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Posted December 12, 2012 by Jeff in Tunes
 
 

With ‘The Road,’ Staind’s Aaron Lewis proves a country boy can survive

Aaron Lewis
Aaron Lewis

Singer Aaron Lewis is best known as the front man of the hard rock act Staind, which has had a number of huge radio hits throughout the ’00s. With his new album, The Road, he’s wholeheartedly embraced country music. We recently phoned him on his cell, where he was hunting deer in Texas with a bow and arrow. (“I’m insistent on using a bow and arrow,” he says.) We talked about the album and U.S. tour which, after wrapping up a couple of dates this week, will pick up again in January.

You grew up in Vermont. Talk about what is was like growing up and what kind of music you were exposed to initially?
I grew up very country. It sounds cliché, but I was a country kid long before I was a rock star. The first music I ever heard was my grandfather’s country. That was Merle Haggard, Johnny Cash, Waylon Jennings, George Jones and Charlie Daniels. I was born in 1972, so I heard whatever was on the radio in the mid-’70s.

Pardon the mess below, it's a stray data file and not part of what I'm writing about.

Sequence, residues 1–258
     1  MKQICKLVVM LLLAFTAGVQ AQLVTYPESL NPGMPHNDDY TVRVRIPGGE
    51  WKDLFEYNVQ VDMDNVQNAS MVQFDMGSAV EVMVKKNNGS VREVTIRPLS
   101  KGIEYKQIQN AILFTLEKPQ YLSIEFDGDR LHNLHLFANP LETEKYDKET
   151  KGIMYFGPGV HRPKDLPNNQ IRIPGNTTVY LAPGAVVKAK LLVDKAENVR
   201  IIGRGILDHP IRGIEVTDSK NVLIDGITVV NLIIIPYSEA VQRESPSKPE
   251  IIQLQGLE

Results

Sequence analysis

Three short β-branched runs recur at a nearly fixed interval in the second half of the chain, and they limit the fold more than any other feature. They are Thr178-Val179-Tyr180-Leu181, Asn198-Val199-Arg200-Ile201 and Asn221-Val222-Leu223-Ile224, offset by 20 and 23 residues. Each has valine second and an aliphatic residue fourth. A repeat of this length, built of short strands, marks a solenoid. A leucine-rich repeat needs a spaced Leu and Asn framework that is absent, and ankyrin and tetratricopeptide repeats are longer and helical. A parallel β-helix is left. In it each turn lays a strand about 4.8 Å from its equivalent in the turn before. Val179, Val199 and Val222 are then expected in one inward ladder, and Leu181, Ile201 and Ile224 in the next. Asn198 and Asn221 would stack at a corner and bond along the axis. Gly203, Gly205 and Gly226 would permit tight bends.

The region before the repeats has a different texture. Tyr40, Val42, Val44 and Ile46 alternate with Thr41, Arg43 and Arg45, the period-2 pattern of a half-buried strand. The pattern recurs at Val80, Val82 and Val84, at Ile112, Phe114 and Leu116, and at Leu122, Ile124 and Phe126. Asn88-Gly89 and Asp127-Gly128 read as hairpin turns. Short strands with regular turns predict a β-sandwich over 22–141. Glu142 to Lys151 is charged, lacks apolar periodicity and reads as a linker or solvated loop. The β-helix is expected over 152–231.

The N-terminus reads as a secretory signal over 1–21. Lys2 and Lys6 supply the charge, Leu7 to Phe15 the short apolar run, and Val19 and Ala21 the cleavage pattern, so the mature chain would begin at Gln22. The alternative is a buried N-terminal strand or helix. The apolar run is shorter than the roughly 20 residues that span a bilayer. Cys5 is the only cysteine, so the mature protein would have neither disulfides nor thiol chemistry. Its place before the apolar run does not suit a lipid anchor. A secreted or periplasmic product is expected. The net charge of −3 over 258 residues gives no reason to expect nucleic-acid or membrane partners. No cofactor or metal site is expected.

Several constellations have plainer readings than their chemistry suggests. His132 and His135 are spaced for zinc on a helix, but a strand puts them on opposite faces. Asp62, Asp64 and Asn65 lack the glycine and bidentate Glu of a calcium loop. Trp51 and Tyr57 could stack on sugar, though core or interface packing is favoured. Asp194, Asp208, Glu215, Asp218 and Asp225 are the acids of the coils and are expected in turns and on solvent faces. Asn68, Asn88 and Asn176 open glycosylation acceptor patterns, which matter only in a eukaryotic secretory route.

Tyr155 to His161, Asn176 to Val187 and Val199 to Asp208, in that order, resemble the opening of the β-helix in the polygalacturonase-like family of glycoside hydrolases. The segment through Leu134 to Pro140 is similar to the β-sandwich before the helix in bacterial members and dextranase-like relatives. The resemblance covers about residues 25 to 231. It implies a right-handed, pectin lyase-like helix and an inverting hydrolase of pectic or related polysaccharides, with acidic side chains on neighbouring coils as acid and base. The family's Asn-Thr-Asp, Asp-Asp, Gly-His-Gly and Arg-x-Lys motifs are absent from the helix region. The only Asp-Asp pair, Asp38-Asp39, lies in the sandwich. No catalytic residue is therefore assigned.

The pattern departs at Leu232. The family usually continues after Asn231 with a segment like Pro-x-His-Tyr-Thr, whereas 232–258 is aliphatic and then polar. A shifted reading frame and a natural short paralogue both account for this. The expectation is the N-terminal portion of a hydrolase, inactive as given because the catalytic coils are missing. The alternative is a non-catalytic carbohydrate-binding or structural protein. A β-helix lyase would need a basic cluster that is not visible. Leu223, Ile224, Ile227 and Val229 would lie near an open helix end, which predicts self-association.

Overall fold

I’m not an angry young man at this point. I have a wife and three kids and have responsibilities and I see things differently than I did ten years ago.

Talk about your first foray into country, the 2011 EP Town Line. What made you want to explore a different musical genre?
That was my first have at it. The first country song I ever sat down and tried to write was “Country Boy.” My draw to country music was starting to come around as I get older. I feel what’s going on in that old traditional country more than I feel a connection to the angry young man that I’ve written about. I’m not an angry young man at this point. I have a wife and three kids and have responsibilities and I see things differently than I did ten years ago.

After you had just put out a country album, was it strange to return to Staind for this past summer’s tour?